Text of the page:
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Steve Likes to Curse
Writing, comics and random thoughts from really a rather vulgar man
The true power of prayer 
Friday, March 28th, 2008 | 11:02 am [commentary, news, religion]
The name of the little girl in the picture is Madeline Neumann.  She is dead because her parents chose to treat her recent illness, which included serious symptoms like vomiting, loss of appetite, and weakness, through prayer rather than taking her to see a doctor.  Madeline died on Sunday at her home in Weston, Wisconsin from, an autopsy showed, complications of undiagnosed diabetes.  Other members of the family had pleaded without success with Madeline's parents, Leilani and Dale Neumann, to seek medical attention for the girl.  Finally, Madeline's aunt — who lives in California — called a sheriff's dispatcher and had police and paramedics rushed to the home.  Less than an hour after they arrived, Madeline was declared dead.

This is the textbook definition of a meaningless death.  The girl's mother claims not to belong to any particular organized religion, and says she does not mistrust doctors.  She merely believes in the Bible, and that healing comes from God.

Our society, including our government, our police and rescue workers, must stop respecting choices and behavior that result in the death of innocent people, that defy all reason, simply because they are claimed as religious beliefs.  These parents claim not to be religious fanatics, yet they stood by for a month while their 11 year-old daughter died right before their eyes.  Prior to this, Madeline had not seen a doctor since age 3.  Had her mother and father bothered to take her to occasional medical check-ups, her diabetes would have been diagnosed and treated, and Madeline — I think it's safe to assume — would not have died while her parents stood by and watched.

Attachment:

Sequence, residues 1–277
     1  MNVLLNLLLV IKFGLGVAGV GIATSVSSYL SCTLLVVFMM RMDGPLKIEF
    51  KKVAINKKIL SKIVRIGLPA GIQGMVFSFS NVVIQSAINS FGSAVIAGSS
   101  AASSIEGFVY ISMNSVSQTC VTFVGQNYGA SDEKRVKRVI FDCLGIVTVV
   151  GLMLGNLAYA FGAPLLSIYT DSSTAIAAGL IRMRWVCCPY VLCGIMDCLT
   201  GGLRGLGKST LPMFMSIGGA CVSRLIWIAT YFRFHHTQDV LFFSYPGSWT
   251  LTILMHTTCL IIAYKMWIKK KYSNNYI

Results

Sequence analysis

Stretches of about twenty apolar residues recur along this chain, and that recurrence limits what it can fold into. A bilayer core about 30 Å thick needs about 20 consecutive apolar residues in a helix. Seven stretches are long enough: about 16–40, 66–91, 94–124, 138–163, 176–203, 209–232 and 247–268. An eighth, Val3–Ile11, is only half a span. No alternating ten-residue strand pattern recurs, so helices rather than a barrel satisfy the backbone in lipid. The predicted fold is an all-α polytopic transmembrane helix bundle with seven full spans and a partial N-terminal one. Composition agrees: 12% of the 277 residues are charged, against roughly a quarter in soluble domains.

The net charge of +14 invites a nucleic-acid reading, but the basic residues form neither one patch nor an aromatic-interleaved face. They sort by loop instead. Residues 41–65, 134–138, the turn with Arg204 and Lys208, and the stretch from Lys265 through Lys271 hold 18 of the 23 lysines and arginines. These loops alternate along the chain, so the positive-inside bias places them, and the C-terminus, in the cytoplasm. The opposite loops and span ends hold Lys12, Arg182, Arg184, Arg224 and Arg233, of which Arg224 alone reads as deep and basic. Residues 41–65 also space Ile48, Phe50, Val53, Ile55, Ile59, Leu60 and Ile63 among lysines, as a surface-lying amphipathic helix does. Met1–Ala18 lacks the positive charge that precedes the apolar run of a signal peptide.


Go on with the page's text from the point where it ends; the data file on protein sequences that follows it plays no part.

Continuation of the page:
Her parents believe that healing comes from God, that prayer can bring about recovery from illness.  This is not true.  I have nothing against prayer, but it must be practiced responsibly, with full awareness of what it is, and what it isn't.  If you pray to settle your mind, to meditate, to give yourself comfort and strength, because you believe it connects you to a higher power, that's fine.  I'm all for it.  Go, pray.  But if you believe that your prayers alone can affect demonstrable, physical change in the world, you are mistaken.  That isn't a matter of believe.  That's a falsifiable claim — no, it's not even that, because it's been falsified over and over and over again, every time it's been tested.  It's a false hypothesis.

Prayer does not work the way the parents of Madeline Neumann believe it does.  It never has, it never will.  There is no argument.  This little girl died because her parents were foolish enough to believe that their prayers would be enough to heal her of the disease that was killing her, a disease they didn't even know the name of until after their daughter had been disected on a table in a morgue.  This is negligence, this is a crime, and these people should be punished for it.  So should any other parent who allows a child to die while they pray for a healing that will never come.  There is no excuse.

Maybe we need PSAs.  Those seem to fix everything.  They sure took care of AIDS and the drug problem, anyway.  We need someone with balls enough to stand up in front of a camera in one of those "The More You Know" spots and say flat-out, "Prayer doesn't work.  It never has.  It never will.  If your child is sick, take her to a doctor."  If they can't get anyone from E.R. or The Office to do it, I'll volunteer.

The proper and official news report on this story is right here, along with a link to a video version.
Saturday, March 29th, 2008 | 07:52 am (UTC)
You sound about as vitriolic as me.

This shit makes me want to scream. It's the kind of thing that makes me seriously consider going in to politics. This is PLAINLY neglect. I don't care if you shroud your neglect in a veil or behind a cross, it's neglect and it's illegal and it is unethical.

Good call.
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